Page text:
• Re: refund baggage fees for late baggage – this one is just crazy. I have had this happen before where I paid for the bag and I did not get it until I returned to the airport for my departure 3 days later! And they made me pay again to take it home! There is no way that an airline should feel it is acceptable to charge you for your bag when they cannot even get it to you. It would make the baggage process work a bit better if the airline put it on themselves to make sure they made bags arrive on time or else they would not get the transport fee. I mean, I can call any large, reputable company if I do not get a package when it was promised and they will refund my shipping fee. Airlines should be the same. Hey, even Dominos used to have their 30 minute delivery-or-free rule – for pizza. How about just get me my gear/clothes on time?
  • Re: seating fees and parents – Yes, this can be a tough one. This is one where airlines could easily just assign the tickets a random row together since it is being done randomly anyway. But, again, the airline is making a lot of money here because they know that a parent will pay to make sure they can sit with their children. So, yes, it would be a good step to just notify parents when the reservation has minors in it as to the feasibility of sitting together. It would make the airline more family-friendly and probably make the flight attendants’ and gate agents’ lives a bit easier so they are not trying to play musical airline chairs when boarding.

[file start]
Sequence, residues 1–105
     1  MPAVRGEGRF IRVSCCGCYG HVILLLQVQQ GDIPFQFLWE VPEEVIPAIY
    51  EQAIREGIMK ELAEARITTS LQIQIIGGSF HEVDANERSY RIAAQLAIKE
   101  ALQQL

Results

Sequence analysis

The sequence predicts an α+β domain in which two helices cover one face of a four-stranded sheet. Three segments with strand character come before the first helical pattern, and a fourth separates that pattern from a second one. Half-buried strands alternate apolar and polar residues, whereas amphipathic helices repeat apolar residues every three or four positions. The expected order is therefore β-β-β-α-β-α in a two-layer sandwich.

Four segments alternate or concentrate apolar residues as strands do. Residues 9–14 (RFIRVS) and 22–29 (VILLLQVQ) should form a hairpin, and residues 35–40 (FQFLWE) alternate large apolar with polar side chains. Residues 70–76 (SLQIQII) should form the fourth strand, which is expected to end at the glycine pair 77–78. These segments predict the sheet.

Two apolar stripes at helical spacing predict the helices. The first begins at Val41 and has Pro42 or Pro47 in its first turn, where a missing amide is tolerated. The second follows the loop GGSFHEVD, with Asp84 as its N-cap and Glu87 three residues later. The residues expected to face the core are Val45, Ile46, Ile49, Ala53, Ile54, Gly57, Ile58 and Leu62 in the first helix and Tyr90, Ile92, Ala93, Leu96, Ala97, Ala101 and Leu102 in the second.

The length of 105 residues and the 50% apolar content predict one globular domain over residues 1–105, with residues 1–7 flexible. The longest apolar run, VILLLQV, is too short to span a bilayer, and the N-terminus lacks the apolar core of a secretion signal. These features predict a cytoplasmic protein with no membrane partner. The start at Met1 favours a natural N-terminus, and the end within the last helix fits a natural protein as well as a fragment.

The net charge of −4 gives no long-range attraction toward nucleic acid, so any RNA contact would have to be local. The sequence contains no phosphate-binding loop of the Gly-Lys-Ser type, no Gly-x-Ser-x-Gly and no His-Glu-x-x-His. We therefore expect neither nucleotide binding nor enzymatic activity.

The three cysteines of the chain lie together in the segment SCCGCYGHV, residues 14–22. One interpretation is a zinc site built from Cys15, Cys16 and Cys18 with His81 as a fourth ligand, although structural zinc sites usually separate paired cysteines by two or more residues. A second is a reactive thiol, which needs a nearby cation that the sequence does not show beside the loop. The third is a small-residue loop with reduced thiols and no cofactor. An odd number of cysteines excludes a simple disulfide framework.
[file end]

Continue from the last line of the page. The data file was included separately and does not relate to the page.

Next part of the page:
passenger legislation

This is what you see when buying Aegean tickets – clearly identifying various ticket bundles


I know it is a whole other discussion about government involvement with airlines. That is not exactly what I am addressing here but rather the fact that legislation like this is even being written because airlines do not make it work themselves. I think US airlines are just too busy making more revenue streams and these fees are huge for them. The family going to Florida is likely not going to travel onboard again with them for another year or two so the airline probably doesn’t feel the need to attend to their issues as much. Still, it would be nice for a couple of customer-friendly moves to be made by airlines. At least it would help them keep up with some policies/assistance that some foreign airlines are doing already.

Source: Washington Post


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About the author


Charlie has been an avid traveler and runner for many years. He has run in marathons around the world for less than it would cost to travel to the next town - all as a result of collecting and using miles and points. Over the years, he has flown hundreds of thousands of miles and collected millions of miles and points.
Now he uses this experience and knowledge to help others through Running with Miles.

1 Comment

  • After AF447 in 2009, the airlines had YEARS to do something about their airplanes reporting their position. They did NOTHING. After MH370, they are still dragging their feet on the matter, and will doubtless have to be forced into it by regulations backed by fines. I like to use this to illustrate how little airlines care about “doing the right thing”.

    They already know all the passenger data, the reservation system could in a small amount of code prevent minors from being separated from parents in an equipment change. Trivial really! But they don’t do it. I have run into exactly this problem, and it’s ridiculous to make FA sort it out onboard.